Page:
Stupid Makes You Humble

 

 

On a recent morning beach walk in New Smyrna Beach, Florida, I came across the fresh marks of a sea turtle which had, overnight, come up the beach to create a nesting area for her eggs. It was the most odd, meandering route I’d ever seen a turtle leave, as if the turtle had been drinking, though I know a pregnant turtle would NOT be drinking. The turtle preservation staff drove up minutes later, checking a spot where the eggs might be. Thinking they were looking in the wrong spot, I theorized out loud how the turtle came up the beach, carefully describing her movements as seen in the sand. One team member, graciously avoiding the word “obvious,” pointed out that the direction of the flipper marks made my claim impossible. Ouch. Not only was I comically wrong, I was correcting trained staff who do this all the time! I quietly slipped away, mumbling at my foolishness.

I wasn’t wrong to make an assessment, to theorize, to draw a conclusion or make a claim. That’s part of being human, made in the image of God. Unlike God, however, my claims and conclusions are sometimes wrong. Perhaps to make me feel better about my debunked turtle theory, I’ll share a few deductions others have made:

“There is not the slightest indication that nuclear energy will ever be obtainable. It would mean that the atom would have to be shattered at will.” – Albert Einstein, 1932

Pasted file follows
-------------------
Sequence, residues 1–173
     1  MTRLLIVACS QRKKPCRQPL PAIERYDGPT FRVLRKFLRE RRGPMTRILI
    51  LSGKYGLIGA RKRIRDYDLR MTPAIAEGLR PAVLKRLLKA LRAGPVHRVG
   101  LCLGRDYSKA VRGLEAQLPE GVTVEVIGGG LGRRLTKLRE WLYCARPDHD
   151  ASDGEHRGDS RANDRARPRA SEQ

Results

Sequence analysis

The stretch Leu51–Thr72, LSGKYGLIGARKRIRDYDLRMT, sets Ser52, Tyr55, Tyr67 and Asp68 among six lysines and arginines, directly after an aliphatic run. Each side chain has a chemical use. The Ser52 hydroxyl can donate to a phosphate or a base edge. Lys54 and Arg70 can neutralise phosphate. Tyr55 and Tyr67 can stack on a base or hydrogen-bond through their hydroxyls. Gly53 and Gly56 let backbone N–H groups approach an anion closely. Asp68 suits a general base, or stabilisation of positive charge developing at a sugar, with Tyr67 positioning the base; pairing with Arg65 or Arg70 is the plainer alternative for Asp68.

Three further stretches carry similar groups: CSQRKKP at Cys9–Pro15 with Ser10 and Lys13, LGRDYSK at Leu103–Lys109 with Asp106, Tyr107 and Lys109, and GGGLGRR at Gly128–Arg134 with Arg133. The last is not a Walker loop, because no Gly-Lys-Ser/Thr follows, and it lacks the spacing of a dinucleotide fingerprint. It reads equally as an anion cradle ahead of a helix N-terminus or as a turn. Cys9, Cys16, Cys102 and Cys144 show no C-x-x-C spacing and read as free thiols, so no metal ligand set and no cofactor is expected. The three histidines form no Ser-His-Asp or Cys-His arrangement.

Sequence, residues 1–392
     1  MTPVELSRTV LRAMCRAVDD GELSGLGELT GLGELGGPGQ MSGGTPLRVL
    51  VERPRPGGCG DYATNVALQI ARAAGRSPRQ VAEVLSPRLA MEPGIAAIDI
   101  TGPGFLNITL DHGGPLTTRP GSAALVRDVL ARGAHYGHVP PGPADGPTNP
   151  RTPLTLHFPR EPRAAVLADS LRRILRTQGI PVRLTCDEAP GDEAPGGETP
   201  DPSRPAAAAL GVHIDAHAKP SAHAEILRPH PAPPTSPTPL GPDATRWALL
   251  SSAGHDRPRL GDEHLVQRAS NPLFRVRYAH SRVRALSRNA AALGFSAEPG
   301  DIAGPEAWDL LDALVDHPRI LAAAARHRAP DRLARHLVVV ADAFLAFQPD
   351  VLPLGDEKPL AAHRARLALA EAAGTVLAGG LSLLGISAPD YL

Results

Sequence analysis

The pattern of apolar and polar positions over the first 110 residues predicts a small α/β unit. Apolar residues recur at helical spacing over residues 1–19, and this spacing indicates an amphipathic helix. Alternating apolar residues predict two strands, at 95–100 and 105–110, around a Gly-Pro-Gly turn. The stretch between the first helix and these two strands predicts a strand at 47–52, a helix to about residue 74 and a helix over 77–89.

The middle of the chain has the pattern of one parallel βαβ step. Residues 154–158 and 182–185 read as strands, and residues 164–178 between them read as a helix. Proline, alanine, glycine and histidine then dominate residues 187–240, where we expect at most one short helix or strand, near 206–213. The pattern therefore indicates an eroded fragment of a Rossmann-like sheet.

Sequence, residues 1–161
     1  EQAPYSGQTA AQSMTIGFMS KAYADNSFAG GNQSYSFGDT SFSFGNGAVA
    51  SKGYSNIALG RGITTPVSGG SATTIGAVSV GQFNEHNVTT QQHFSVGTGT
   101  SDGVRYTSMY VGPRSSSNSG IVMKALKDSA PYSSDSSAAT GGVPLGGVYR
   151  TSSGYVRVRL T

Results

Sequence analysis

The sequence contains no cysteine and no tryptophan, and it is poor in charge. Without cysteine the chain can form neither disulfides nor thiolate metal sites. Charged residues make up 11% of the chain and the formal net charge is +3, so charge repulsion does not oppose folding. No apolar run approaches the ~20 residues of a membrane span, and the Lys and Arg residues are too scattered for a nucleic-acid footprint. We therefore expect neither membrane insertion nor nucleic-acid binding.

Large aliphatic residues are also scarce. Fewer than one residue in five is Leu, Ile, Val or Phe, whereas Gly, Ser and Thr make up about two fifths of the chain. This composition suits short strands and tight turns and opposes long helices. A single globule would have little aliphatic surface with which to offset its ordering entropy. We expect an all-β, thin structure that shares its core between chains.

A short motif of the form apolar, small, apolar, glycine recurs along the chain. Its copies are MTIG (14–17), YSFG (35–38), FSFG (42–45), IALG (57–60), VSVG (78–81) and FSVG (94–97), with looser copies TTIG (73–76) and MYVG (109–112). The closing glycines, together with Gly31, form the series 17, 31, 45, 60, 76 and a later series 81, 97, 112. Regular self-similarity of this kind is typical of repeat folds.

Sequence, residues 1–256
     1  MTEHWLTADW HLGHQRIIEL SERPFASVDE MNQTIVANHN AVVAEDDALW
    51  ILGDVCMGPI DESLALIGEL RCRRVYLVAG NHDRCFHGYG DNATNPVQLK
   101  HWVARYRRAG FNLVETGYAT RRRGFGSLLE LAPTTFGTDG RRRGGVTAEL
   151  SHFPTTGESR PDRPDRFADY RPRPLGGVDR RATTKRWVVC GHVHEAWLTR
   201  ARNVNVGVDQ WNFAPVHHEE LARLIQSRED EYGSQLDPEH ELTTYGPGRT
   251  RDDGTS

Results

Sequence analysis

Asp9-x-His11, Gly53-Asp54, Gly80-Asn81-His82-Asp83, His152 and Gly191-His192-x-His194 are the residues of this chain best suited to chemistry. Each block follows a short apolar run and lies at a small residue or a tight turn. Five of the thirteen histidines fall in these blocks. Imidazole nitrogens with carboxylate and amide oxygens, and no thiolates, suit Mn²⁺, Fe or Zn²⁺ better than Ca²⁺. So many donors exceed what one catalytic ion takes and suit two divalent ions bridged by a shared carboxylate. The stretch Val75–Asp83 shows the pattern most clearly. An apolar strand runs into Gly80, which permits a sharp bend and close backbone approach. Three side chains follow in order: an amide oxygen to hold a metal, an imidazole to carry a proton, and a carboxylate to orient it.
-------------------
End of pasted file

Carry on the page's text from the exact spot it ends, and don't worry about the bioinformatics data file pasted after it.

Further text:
“We don’t like their sound, and guitar music is on the way out.” – Decca Recording Company on why they did not sign the Beatles, 1962

“This ‘telephone’ has too many shortcomings to be seriously considered as a means of communication. The device is inherently of no value to us.” – Western Union internal memo, 1876

“I think there is a world market for maybe five computers.” – Thomas Watson, chairman of IBM, 1943

“Everyone acquainted with the subject will recognize it as a conspicuous failure.” – -Henry Morton, president of the Stevens Institute of Technology, regarding Thomas Edison’s light bulb, 1880

“The horse is here to stay but the automobile is only a novelty—a fad.” – -The president of the Michigan Savings Bank to the lawyer of Henry Ford, 1903